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181. Epoché: A Journal for the History of Philosophy: Volume > 17 > Issue: 1
Ladelle McWhorter Whatever Is Hardest: Charles Scott's Practice of Thinking
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Charles Scott has always encouraged his students to take up the questions they find most troubling, difficult, and even possibly unanswerable. For him, philosophy is about movements of thinking themselves rather than arrival at reasonable conclu­sions. In tribute to Scott as a teacher, this paper takes up a troubling and perhaps unanswerable question: How might we teach our students today so as to prepare them for life in a world of ecological instability beyond what any member of our species has ever experienced? It looks at the question of ethics in the midst of pollution, peak oil, and climate change.
182. Epoché: A Journal for the History of Philosophy: Volume > 17 > Issue: 1
Nancy Tuana Preface
183. Epoché: A Journal for the History of Philosophy: Volume > 17 > Issue: 1
David Farrell Krell Narrative as Trauma and Resilience: Charles Scott's "Living with Indifference"
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After listing a series of topics in Scott’s Living with Indifference that I would have wanted to address but, if only for reasons of space, could not, I focus on the uses of narrative or fiction in Scott’s book. I am particularly interested in the relation of fiction to trauma. It is the resilience of fiction that perhaps enables it to speak—or to write—so eloquently about traumatic occurrences. As a writer of fiction, I am gripped by the proximity and even intimacy of fiction and trauma in Scott’s thinking.
184. Epoché: A Journal for the History of Philosophy: Volume > 17 > Issue: 1
John Sallis Once Again: What's the Matter with "Nature"?
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This paper resumes my discussion with Charles Scott concerning the concept of nature. The discussion stems from Scott’s book The Lives of Things, and this paper is prompted by a short text (appended to this paper) in which Scott elaborates and clarifies certain significant points. The focus of the discussion is on the double sense of nature, that the word can designate, at once, both natural things in their singular happening and the eidetic double, the essence, of such things. The key issue is the way in which the second, eidetic sense folds back over the first, singular sense so as to conceal it.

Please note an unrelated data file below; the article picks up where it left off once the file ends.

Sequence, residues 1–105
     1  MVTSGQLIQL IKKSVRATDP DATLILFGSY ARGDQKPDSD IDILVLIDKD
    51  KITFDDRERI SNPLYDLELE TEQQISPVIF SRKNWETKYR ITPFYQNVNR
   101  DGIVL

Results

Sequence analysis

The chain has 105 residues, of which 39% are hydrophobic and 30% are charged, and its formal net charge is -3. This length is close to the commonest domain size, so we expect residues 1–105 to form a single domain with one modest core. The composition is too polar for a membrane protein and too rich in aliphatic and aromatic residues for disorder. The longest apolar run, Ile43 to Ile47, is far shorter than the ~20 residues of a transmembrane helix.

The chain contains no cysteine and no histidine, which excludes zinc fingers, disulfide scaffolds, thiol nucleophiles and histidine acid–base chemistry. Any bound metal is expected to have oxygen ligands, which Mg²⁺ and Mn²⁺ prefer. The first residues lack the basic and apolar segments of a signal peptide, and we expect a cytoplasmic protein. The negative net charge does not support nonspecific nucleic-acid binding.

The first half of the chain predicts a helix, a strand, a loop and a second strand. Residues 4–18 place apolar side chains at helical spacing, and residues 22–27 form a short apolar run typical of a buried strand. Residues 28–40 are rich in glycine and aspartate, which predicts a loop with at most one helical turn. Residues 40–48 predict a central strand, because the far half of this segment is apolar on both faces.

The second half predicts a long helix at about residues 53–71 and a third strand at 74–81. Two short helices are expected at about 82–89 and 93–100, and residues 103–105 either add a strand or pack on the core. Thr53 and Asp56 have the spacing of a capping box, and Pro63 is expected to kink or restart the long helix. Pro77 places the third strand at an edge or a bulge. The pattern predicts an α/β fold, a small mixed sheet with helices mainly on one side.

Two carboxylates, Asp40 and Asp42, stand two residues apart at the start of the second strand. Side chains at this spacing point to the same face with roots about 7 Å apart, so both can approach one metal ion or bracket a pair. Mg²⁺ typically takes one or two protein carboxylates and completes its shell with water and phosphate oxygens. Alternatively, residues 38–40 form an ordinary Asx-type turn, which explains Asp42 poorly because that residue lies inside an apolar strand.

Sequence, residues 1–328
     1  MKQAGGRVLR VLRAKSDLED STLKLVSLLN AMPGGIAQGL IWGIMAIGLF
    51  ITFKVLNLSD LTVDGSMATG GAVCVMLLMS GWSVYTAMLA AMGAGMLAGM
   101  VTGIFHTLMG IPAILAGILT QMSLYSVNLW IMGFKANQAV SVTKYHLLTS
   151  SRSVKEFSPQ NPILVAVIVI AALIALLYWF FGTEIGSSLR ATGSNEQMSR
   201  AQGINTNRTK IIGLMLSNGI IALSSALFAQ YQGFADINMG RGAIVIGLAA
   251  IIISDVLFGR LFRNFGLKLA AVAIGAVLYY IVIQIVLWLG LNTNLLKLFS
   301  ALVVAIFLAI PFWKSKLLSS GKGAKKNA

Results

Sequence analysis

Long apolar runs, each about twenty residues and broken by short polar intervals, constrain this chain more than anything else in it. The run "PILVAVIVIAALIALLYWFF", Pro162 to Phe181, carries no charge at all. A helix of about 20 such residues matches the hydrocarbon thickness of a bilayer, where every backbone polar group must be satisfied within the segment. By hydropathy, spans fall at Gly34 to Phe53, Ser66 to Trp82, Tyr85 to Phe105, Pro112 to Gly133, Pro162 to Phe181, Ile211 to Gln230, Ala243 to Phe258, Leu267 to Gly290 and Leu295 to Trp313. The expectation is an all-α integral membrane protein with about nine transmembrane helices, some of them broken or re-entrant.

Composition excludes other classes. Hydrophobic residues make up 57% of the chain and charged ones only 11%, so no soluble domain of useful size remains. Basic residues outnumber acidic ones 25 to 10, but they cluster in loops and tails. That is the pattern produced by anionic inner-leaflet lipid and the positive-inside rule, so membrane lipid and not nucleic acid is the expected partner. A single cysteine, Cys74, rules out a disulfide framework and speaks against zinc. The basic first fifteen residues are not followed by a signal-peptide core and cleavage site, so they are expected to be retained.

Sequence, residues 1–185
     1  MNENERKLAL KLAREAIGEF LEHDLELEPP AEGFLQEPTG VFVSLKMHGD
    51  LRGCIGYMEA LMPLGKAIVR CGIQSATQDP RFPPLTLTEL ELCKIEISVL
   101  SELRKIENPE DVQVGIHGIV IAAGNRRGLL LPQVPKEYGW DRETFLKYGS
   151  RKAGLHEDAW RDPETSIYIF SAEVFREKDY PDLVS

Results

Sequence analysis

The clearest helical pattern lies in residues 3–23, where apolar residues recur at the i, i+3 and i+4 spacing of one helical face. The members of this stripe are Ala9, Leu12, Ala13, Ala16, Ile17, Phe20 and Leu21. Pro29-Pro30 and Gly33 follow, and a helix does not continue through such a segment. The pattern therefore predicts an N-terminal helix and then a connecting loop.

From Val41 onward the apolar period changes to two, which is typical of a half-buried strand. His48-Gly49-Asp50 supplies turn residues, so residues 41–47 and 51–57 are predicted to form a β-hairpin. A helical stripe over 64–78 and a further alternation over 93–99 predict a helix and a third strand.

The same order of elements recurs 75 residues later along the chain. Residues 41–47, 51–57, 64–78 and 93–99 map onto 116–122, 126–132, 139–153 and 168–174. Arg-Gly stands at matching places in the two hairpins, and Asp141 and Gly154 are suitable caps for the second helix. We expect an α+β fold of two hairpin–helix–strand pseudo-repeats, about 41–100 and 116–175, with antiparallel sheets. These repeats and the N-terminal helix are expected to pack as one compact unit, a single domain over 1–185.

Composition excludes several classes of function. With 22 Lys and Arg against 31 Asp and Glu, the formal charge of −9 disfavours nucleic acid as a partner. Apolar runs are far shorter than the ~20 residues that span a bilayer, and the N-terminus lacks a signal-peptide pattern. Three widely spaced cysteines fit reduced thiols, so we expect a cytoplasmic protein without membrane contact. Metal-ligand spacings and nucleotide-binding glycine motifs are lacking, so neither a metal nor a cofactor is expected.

185. Epoché: A Journal for the History of Philosophy: Volume > 17 > Issue: 1
James Risser On Freedom in Another Sense
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This paper assesses the philosophical project of Charles Scott, beginning with his first book, Boundaries in Mind, and including his most recent work on “Bor­dered Americans.” The interpretive focus for the assessment concentrates on what Scott early on characterizes as boundary awareness: the appearing of difference in appearance. In this context, it is argued that what is fundamentally at issue in Scott’s philosophy is a sense of freedom other than that which is associated with subjectivity and its presumed autonomy.
186. Epoché: A Journal for the History of Philosophy: Volume > 17 > Issue: 1
Walter Brogan The Middle Voice of Charles Scott: The Intimacy of Attentiveness and the Life of Wonder
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My essay attempts humbly to honor and celebrate the voice of Charles Scott by thematizing one of the major insights of his body of work, namely the significance of the middle voice. I attempt in various ways to show the significance of the middle voice in the work of Charles Scott and to offer some commentary on what is meant by the middle voice. Finally, I ask about the implications of a middle-voiced philosophy for an understanding of the self of human beings and for an understanding of the theme of indifference in relation to the lives of things that Scott addresses in his later work.
187. Epoché: A Journal for the History of Philosophy: Volume > 17 > Issue: 1
John Lysaker Finding My Way through Moral Space: A Whim-Wham for Charles Scott
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The ongoing task of self-discovery, which I figure as self-finding, following Emerson, is integral to the human condition. While its results are always fragmentary, self-finding also conducts the currents of life in ways that establish conditions for our lives and those of others. This activity is mistakenly constrained by Charles Taylor, who argues that it remains tied to moral space. Charles Scott’s work shows how moral space can be found in a manner that suspends the necessity of moral space and generates new possibilities.
188. Epoché: A Journal for the History of Philosophy: Volume > 17 > Issue: 1
Alejandro A. Vallega Improper Borders: On the Openings and Convergences of Continental Philosophy with Non-Western Thought in Charles Scott’s Lectures on Cultural Borders
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In 2010, Charles Scott gave a course at the Collegium Phaenomenologicum in Italy titled “Bordered Americans.” The course followed his concern with understanding philosophical thought given our concrete cultural dynamics today. The lectures addressed the question of the limits and delimitations of borders as dynamic transformative events, which occur in encroachments between distinct and ever moving and shifting cultural configurations and borders. Scott emphasized the possibilities of thinking in such spaces, and ultimately situated Continental American philosophy in such disclosure. This essay is the fruit of long conversations with Scott about these issues; in it I aim to add a Latin American voice to his incisive analysis.